Mother’s heartache after a young child’s change in eye color turns out to be rare cancer

A mother was devastated to learn that a change in the color of her two-year-old son’s eye was a rare form of cancer.

Little Kenny Chapman, from Guisborough, has retinoblastoma, which affects babies and young children.

His mother Katy Mosley became concerned after discovering that his right pupil appeared to have a white color.

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The 27-year-old took Kenny to a local optician and her doctor, who sent him to James Cook University Hospital in Middlesbrough.

The young child was referred to Birmingham Children’s Hospital, where he underwent an ultrasound of his dilated pupils.

Katy then got the heartbreaking news that he had a tumor that was almost a grade E – the most severe type.

That mother-of-two has described the moment she found out her son had cancer as “terrible”.

Katy, who is also the mother of Milly Wise, seven, said: “The doctor who had been the one doing the procedure sat down. I could see on his face that something was wrong.

“I remember he said to us, ‘First of all, what do you know about retinoblastoma?’ The only thing I can remember I replied was, ‘Is that it, right?’ and I broke down, he said yes.

“It was absolutely heartbreaking. You hear these stories, but you do not think you will ever live it yourself.

“Kenny has been absolutely fine in himself and that’s why it was so hard to believe it.

“They showed us the pictures inside Kenny’s bad eye. You could see the tumor and lots of little white circles floating around in his eye.

“They also told us that his retina has completely loosened inside his bad eye.”

The picture of Kenny’s eye that Katy sent to the hospital

Retinoblastoma is a cancer of the retina – the photosensitive mucous membrane at the back of the eye.

According to the NHS, around 45 children are diagnosed with the condition in the UK each year.

Katy said she became aware of the whiteness of his pupil while at a friend’s home in August this year.

She noticed something unusual about Kenny’s eye when a lamp was turned on and the lights were dim.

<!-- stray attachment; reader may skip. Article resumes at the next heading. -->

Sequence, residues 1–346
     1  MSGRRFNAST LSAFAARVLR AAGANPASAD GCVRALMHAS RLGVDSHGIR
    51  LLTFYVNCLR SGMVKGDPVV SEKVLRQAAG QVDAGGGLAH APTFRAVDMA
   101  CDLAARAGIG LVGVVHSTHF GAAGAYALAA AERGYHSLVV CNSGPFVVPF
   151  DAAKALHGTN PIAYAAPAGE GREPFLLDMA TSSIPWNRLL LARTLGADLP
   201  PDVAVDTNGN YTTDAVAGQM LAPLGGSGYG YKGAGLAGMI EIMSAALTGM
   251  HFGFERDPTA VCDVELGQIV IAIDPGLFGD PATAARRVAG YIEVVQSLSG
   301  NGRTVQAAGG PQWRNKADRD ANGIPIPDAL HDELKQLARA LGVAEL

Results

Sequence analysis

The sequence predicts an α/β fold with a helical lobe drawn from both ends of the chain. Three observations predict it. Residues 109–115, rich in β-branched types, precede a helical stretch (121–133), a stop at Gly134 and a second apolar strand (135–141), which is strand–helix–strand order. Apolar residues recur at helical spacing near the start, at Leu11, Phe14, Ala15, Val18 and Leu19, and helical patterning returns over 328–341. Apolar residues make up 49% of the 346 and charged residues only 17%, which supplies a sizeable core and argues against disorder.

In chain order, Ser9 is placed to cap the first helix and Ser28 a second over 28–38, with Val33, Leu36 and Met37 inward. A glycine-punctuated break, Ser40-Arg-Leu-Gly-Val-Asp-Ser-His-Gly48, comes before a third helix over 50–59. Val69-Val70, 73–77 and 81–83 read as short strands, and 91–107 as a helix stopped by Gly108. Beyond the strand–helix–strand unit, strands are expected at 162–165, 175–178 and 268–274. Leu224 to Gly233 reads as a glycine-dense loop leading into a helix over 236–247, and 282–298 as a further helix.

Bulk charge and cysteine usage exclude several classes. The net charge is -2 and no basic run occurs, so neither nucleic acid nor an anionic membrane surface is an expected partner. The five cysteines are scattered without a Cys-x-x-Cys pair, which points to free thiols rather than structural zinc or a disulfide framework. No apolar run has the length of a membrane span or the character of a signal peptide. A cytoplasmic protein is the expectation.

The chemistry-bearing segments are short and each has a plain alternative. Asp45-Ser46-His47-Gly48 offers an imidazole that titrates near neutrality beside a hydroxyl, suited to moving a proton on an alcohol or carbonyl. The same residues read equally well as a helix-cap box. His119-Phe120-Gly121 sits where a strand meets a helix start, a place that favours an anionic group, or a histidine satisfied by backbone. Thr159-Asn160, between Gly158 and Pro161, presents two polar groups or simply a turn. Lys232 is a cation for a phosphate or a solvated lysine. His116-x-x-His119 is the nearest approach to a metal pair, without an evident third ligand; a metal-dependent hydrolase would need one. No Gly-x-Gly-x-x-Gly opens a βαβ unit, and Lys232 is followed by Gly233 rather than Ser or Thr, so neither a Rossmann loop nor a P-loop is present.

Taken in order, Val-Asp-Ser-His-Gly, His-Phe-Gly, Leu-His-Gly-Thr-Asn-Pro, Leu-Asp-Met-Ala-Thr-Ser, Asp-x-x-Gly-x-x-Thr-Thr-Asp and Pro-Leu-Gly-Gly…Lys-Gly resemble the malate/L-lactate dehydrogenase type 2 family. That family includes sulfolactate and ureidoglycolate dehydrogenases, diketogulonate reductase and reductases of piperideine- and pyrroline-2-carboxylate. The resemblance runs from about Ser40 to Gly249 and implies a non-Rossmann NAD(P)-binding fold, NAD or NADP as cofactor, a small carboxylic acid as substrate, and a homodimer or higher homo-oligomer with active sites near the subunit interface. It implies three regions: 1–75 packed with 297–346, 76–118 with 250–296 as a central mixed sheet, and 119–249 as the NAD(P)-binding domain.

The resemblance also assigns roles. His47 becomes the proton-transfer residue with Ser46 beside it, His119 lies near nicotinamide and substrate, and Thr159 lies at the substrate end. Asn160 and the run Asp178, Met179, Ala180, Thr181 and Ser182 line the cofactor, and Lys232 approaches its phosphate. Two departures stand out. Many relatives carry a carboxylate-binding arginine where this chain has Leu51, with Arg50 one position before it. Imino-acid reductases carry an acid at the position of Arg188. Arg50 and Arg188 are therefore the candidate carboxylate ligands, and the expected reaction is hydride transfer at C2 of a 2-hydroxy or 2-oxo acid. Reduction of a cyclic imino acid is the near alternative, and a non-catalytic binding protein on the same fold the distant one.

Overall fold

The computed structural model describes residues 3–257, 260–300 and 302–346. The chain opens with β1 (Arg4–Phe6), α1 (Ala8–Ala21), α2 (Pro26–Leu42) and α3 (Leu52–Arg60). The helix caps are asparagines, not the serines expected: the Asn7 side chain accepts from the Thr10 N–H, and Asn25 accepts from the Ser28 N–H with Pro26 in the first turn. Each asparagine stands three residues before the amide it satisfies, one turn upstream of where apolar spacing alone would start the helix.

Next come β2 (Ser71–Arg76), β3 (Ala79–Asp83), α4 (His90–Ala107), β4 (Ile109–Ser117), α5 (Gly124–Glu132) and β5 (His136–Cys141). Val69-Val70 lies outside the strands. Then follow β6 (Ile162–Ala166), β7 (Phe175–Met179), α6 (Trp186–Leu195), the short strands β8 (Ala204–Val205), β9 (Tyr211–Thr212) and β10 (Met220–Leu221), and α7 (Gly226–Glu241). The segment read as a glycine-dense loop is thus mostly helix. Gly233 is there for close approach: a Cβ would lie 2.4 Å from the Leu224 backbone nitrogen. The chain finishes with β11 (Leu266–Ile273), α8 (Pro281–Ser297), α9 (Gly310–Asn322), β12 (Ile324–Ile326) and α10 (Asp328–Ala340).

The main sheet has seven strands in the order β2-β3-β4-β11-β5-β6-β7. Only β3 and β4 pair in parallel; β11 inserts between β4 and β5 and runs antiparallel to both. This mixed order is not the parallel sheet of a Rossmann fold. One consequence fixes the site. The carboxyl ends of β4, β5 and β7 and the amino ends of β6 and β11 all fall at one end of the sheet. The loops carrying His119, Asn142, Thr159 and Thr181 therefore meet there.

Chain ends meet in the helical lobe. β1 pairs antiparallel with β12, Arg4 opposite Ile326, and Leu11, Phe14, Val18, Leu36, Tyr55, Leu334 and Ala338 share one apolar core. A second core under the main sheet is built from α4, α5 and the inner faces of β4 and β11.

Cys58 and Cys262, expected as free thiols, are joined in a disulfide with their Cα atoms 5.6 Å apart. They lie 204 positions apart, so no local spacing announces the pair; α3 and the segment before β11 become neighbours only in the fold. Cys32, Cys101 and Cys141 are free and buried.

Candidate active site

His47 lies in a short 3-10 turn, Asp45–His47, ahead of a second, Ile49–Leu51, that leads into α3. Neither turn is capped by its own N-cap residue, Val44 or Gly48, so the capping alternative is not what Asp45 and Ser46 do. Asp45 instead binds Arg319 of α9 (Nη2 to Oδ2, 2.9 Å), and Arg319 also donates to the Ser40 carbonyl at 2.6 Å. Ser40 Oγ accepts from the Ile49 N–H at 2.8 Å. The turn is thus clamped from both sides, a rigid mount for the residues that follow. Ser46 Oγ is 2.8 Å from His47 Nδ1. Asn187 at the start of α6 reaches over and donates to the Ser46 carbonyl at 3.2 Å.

Katy said, “I was not sure what was strange about it, but it did not look right.

“Then I began to notice in certain lights, mostly dim light, I could see inside his pupil – it looked white.”

Katy said that after failing to get an appointment with Specsavers because Kenny was so young, she contacted her local doctor and was referred to Middlesbrough Hospital.

During the two weeks she waited for an appointment, she managed to get Kenny an appointment with a local optician SH Reily in Chaloner Street, Guisborough, where Christian Reily examined his eye.

Katy said, “He saw a small glance and told me there was something in the back of his eye, but he could not tell me exactly what then Kenny would not let him look proper.

“I then went on to mention how I had googled and looked about the retinoblastoma – he said that if I had not already received a referral from the doctors, he would do so as soon as possible.”

Katy said that when they did not receive an appointment within the two weeks, the optician wrote a letter to the hospital and she was given an appointment the following morning.

She said she is grateful to him for offering her and Kenny his support and his kindness during the difficult time.

During the hospital appointment, Katy was told that pictures of Kenny’s eye would be sent to a doctor.

A striking image of Kenny’s eye was sent to doctors, and she received a call from Birmingham Children’s Hospital, who said they thought he might have retinoblastoma.

On October 15, Katy and Kenny’s father Brad Chapman, 26, traveled to Birmingham to get an appointment at the hospital, and they received the news they had feared.

They were told that Kenny had a grade D tumor, which progressed to a grade E, and a plan would be made for him to have six rounds of chemotherapy at the Royal Victoria Infirmary (RVI) in Newcastle.

She was told that Kenny would need chemotherapy injected into his eye, and although the chances of saving an eye are good, his level of vision will depend on how the treatment proceeds.

Kenny Chapman with her mother Katy Mosley
Kenny Chapman with her mother Katy Mosley

Kenny underwent his first round of chemotherapy, which lasts five hours, on October 30 and is expected to be his next on November 24.

Katy keeps an online diary of Kenny’s treatment and encourages others to be aware of the glow that can occur in a child’s eye.

She said Morrisons in Guisborough has donated a bullet to Kenny and that a Just Giving page has been set up for the family.

Katy added: “We’ve gotten a lot of support from family and friends, but everyone on Facebook has been amazing and so friendly.”

Retinoblastoma can affect either one or both eyes.

If picked up early, more than nine out of 10 children with the disorder will be cured.

Signs and symptoms of retinoblastoma include:

  • an unusual white reflection in the pupil
  • a squint
  • a change in the color of the iris
  • a red or inflamed eye
  • poor eyesight

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